Finally, the fact that some long-COVID features appeared only after the 3-month mark following diagnosis suggests that in some patients there may be a delayed onset. Reasons for this phenomenon are one of several subjects that will likely be pursued in follow-up studies. Other urgent topics likely to be explored include determination of the persistence, severity, and biological origins and mechanisms involved in long-COVID symptoms.

Study Sheds Light on Prevalence of 'Long-COVID,' Including Cognitive and Psychiatric Symptoms Thursday, October 7, 2021

After many months of anecdotal reports and preliminary research about the long-lasting impacts of COVID-19 infection, a team of researchers has now provided a more specific idea of how common "long COVID" is, which patients are most likely to be affected, and which symptoms they are likely to report, including those impacting cognition and mental health.

Among the COVID patients assessed in the study (average age 46, 55% female), 57% had one or more "long-COVID" symptom at some point in the 6-month period following their initial diagnosis; 37% experienced one or more symptoms in the 3- to 6-month period after diagnosis.

The study revealed that cognitive symptoms were markedly more common in patients who were elderly as well as in those who were hospitalized or who needed intensive care. The single most frequently reported long-COVID symptom was anxiety/depression (23% within 6 months of COVID diagnosis; 15% in months 3 through 6 after diagnosis); the corresponding figures for cognitive symptoms were 8% and 4%.

Led by senior team member Dr. Paul J. Harrison, a psychiatric neuroscientist and 2004 BBRF Independent Investigator, and Dr. Maxime Taquet, both of Oxford University in the UK, the researchers drew upon data in 59 institutional electronic health records, mostly based in the U.S., capturing the health histories of 81 million people, including 273,618 who were diagnosed with COVID-19 infection in 2020 and were alive 6 months later. The analysis also included a matched group of patients who contracted influenza during the same period. Study results were reported in PLOS Medicine.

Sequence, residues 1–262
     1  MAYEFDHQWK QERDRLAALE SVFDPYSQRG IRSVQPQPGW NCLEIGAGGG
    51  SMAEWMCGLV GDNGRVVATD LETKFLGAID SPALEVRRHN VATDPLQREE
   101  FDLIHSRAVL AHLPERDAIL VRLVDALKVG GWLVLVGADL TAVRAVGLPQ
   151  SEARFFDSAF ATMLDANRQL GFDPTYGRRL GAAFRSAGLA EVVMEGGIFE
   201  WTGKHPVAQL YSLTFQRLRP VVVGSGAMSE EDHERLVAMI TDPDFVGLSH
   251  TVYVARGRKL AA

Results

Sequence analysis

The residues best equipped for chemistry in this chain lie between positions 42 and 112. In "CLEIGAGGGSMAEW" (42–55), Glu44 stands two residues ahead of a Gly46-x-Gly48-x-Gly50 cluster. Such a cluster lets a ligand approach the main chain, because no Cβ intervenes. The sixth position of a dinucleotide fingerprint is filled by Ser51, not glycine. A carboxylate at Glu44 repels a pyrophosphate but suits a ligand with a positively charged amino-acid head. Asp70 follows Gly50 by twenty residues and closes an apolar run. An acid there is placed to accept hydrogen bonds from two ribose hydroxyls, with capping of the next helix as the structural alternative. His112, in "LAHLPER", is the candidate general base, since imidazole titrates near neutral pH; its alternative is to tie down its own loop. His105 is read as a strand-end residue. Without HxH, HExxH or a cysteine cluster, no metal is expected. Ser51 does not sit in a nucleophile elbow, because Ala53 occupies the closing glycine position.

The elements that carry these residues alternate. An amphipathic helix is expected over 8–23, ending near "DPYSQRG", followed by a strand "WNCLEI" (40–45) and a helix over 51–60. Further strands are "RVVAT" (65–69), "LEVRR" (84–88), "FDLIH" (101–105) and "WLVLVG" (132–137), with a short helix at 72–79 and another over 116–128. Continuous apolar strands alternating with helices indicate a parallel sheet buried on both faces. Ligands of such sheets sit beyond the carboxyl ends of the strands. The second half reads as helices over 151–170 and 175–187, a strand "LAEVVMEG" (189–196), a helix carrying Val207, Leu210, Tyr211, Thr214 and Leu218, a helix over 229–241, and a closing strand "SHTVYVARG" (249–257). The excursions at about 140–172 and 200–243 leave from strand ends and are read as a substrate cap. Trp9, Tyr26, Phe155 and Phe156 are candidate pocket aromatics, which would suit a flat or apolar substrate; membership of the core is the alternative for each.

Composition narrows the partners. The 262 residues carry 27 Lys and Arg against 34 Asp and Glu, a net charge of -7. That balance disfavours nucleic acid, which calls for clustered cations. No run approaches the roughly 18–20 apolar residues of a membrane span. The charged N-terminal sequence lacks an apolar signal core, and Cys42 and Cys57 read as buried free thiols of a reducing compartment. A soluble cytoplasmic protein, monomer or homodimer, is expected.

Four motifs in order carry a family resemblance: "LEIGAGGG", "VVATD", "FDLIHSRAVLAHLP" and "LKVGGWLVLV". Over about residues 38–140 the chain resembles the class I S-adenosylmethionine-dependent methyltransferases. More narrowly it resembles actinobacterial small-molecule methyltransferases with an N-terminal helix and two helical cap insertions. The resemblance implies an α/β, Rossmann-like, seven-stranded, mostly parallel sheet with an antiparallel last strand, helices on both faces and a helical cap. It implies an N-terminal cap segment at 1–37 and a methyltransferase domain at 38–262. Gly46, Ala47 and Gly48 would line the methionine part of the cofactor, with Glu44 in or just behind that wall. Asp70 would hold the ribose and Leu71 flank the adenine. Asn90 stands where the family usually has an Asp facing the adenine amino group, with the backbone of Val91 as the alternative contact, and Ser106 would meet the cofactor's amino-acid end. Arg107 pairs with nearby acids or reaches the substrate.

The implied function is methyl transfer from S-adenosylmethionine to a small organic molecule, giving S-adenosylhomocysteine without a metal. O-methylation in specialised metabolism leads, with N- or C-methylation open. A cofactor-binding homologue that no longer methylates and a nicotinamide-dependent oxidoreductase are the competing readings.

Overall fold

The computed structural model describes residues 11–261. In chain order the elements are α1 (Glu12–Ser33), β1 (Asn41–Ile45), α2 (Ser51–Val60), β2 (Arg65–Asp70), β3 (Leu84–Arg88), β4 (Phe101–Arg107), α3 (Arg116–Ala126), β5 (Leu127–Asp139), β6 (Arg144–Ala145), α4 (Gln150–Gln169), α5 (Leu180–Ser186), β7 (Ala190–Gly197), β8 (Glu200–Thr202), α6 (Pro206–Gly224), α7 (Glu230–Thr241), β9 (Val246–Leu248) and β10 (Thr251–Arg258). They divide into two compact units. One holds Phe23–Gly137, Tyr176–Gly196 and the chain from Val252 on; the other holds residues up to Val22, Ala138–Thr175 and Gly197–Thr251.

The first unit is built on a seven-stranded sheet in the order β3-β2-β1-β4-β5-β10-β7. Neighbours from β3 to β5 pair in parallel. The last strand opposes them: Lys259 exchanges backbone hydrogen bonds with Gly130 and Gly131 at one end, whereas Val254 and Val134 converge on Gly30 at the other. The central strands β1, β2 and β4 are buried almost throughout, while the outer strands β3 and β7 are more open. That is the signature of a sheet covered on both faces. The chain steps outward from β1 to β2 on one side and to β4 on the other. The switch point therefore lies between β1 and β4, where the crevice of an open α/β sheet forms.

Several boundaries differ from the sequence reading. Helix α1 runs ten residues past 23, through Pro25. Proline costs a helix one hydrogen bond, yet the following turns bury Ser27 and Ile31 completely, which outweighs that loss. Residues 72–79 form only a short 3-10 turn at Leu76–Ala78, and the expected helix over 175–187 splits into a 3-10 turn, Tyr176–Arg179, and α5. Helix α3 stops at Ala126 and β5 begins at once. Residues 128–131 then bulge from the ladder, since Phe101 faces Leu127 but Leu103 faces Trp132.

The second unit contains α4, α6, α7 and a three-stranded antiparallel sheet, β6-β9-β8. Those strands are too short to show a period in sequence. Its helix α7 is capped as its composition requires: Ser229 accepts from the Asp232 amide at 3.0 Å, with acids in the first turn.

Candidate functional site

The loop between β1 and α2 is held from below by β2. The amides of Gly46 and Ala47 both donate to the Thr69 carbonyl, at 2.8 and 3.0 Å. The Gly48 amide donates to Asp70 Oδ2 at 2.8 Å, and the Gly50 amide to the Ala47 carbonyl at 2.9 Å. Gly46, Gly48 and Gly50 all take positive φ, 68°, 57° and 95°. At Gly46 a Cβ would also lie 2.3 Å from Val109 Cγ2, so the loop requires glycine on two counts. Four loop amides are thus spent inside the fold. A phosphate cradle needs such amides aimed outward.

The researchers used two time periods to assess nine "core" symptoms of "long COVID": one, covering the first 180 days (6 months) following diagnosis; another to capture the core symptoms that were present between 90 and 180 days (3 to 6 months) following diagnosis. The latter period captures long-lasting or long-developing symptoms.

The nine core symptoms related to long COVID that were measured in the study were: breathing difficulties; fatigue; chest/throat pain; headache; abdominal symptoms; muscle pain; other pain; as well as two neuropsychiatric phenomena: cognitive symptoms (notably, "brain fog") and anxiety/depression.

"Long-COVID clinical features occurred and co-occurred frequently and showed some specificity to COVID-19," the team noted, "although they were also observed after influenza," albeit less frequently.

For the researchers, one of the most important takeaways of the study was that 1 in 3 patients had one or more features of long COVID between 3 and 6 moths following original diagnosis. Further, 40% of these patients had no record of the long-COVID symptoms in the first 3 months after being diagnosed with COVID.

The team pointed out that the risk of having long-COVID symptoms, including cognitive symptoms and anxiety/depression, was higher in patients with more severe COVID cases, and slightly higher among females. White and non-White patients were equally affected.

The fact that risk of long-COVID features is higher after COVID diagnosis than after influenza diagnosis, the researchers said, suggests their origin may in part directly involve a mechanism specific to COVID or the body's response to it, not just a general consequence of viral infection. But the study was not designed to determine the origins or mechanisms behind symptoms.

The team also made clear that while some long-COVID features appeared for the first time in the 3- to 6-month period following diagnosis, the fact that a majority of patients with long-COVID features already had these symptoms in the first 3 months may help in identifying those at greatest risk.

Another observation supported by the study's data was that long-COVID features were recorded in children and young adults, and also in more than half of non-hospitalized patients, "confirming that they occur even in young people and those who had a relatively mild illness. This is significant in public health terms given that most people with COVID-19 are in the latter group," the researchers noted.

Finally, the fact that some long-COVID features appeared only after the 3-month mark following diagnosis suggests that in some patients there may be a delayed onset. Reasons for this phenomenon are one of several subjects that will likely be pursued in follow-up studies. Other urgent topics likely to be explored include determination of the persistence, severity, and biological origins and mechanisms involved in long-COVID symptoms.